Chevrolet Captiva review
The Chevrolet Captiva has plenty of space and kit at a reasonable price and updated version is more refined and better to drive
The previous version of the Chevrolet Captiva was a lot of car for the money, with seven-seat practicality, strong diesel engines and a capable four-wheel-drive system. A styling refresh last year also introduced a bold new look and a simplified range with just one engine to choose. There are two different body styles, the entry-level five-seat model comes with front-wheel drive, while the larger seven-seaters have four-wheel drive, more power and more equipment as standard. However it’s not the most efficient car in its class, and top-spec LTZ models are quite pricey, even if they do come highly equipped with a full leather interior and lots of creature comforts.
Our choice: Captiva LS 2.2 VDCi 5-seat manual
Given a thorough refresh last year, the Chevrolet Captiva will certainly get you noticed on the road. The gaping square grille, chunky plastic body mouldings and black roof rails give it a brash appearance that’s typical of US 4x4s, but won’t suit all tastes. LS and LT models get 17-inch alloys as standard, but the flagship LTZ comes with 19-inch wheels, aluminum skid plates front and rear and full leather upholstery inside, fog lights and tinted privacy glass. LS versions do feel a bit basic inside though, and do without key equipment like cruise control and climate control. The cabin design feels dated too, and the cheap scratchy plastics don’t inspire much confidence in the build quality.
The updated Captiva gets thicker anti-roll bars and stiffer suspension to help improve its cornering ability, but it falls short of being transformed into an entertainer. It handles reasonably well, but there’s still a fair amount of body roll and it lacks the poise of the best compact 4x4s. The 2.2-litre diesel engine is smoother than before, and comes with either 161bhp or 182bhp depending which model you go for. The 4x4 versions have better grip and come with hill descent control as standard, but there’s not a huge difference in terms of performance. The six-speed manual gearbox is very notchy, so it’s definitely worth going for the optional automatic, even though it's slow to change gears.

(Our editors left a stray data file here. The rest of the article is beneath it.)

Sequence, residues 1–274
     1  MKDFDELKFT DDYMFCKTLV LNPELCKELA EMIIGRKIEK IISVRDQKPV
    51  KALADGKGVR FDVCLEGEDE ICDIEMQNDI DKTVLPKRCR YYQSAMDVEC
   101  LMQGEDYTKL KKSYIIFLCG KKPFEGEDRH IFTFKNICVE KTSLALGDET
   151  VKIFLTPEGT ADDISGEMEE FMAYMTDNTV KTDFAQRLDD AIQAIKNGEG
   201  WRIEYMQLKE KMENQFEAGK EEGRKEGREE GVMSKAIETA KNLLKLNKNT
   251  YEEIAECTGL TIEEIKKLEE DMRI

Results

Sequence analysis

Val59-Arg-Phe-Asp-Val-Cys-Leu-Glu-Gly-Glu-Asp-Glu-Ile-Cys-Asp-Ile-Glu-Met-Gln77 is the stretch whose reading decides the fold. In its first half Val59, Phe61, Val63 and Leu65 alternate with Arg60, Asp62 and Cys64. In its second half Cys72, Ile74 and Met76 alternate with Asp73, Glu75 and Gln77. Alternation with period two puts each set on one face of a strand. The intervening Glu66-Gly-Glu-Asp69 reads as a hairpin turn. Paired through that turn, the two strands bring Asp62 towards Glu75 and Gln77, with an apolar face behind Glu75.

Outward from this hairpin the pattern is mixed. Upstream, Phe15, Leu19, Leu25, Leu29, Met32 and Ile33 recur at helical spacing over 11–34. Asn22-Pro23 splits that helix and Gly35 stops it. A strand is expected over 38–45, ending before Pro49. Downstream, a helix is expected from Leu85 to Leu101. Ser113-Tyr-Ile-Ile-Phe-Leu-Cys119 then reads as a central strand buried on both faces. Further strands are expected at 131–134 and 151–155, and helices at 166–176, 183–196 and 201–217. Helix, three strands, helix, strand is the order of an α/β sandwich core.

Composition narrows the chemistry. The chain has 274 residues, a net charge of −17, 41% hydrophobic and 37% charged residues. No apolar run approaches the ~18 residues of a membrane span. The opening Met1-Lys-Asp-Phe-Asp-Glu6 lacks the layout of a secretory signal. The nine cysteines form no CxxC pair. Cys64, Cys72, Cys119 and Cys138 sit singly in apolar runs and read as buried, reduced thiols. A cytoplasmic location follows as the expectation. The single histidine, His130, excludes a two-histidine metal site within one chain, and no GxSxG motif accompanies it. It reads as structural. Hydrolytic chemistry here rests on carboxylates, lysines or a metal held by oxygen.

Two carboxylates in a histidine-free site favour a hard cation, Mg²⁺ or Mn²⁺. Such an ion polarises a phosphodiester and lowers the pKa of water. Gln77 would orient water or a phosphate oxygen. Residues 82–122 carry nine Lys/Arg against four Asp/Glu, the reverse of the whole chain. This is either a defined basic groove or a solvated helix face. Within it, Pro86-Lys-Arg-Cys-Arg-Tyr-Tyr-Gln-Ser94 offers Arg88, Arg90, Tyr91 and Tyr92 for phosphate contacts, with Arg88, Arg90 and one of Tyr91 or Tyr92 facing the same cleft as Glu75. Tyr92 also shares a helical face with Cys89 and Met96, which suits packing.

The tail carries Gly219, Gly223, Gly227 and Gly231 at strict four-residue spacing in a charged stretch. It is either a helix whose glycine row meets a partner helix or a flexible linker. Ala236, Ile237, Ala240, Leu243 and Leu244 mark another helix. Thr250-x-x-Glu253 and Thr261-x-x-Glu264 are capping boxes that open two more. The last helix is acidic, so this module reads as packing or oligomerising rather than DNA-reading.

The previous generation Chevy Captiva was a four-star car for safety, but the revised model has done plenty to address that, and now gets the maximum five-star rating from Euro NCAP. It scores highly in all four areas of the test, including both child and pedestrian safety – and systems like hill start assist, hill descent control and traction control are included on all models as standard. Build quality inside is a concern – but the Captiva should prove mechanically sound, with no major problems reported on key parts like the engine and gearbox.
Five-seat models come with a decent 465-litre boot and have the same maximum capacity as the bigger versions, with a total boot volume of 1,565 litres with the rear seats folded. However the additional carrying capacity of the seven-seat model means it’s more flexible, and the two extra chairs fold neatly and easily into the boot floor. There’s just about enough space for adults in the third row, but only for short journeys. Both seats on either side of the middle row tumble forward to give access to the rearmost row – which gives the Captiva easier access than rivals like the Hyundai Santa Fe.
The Chevy Captiva is a big, heavy car and that’s reflected in its poor economy and emissions figures. Despite having less power and being lighter than the seven-seat model, the entry-level version still emits 170g/km and manages just 44mpg. Automatic versions lower that figure even further, managing just 36.6mpg combined and putting out 203g/km of CO2. Chevrolet’s comprehensive five-year triple care package, which covers warranty, road side assistance and servicing, does lower running costs, but pricier versions have terrible residual values, keeping less than a third of their value after three years.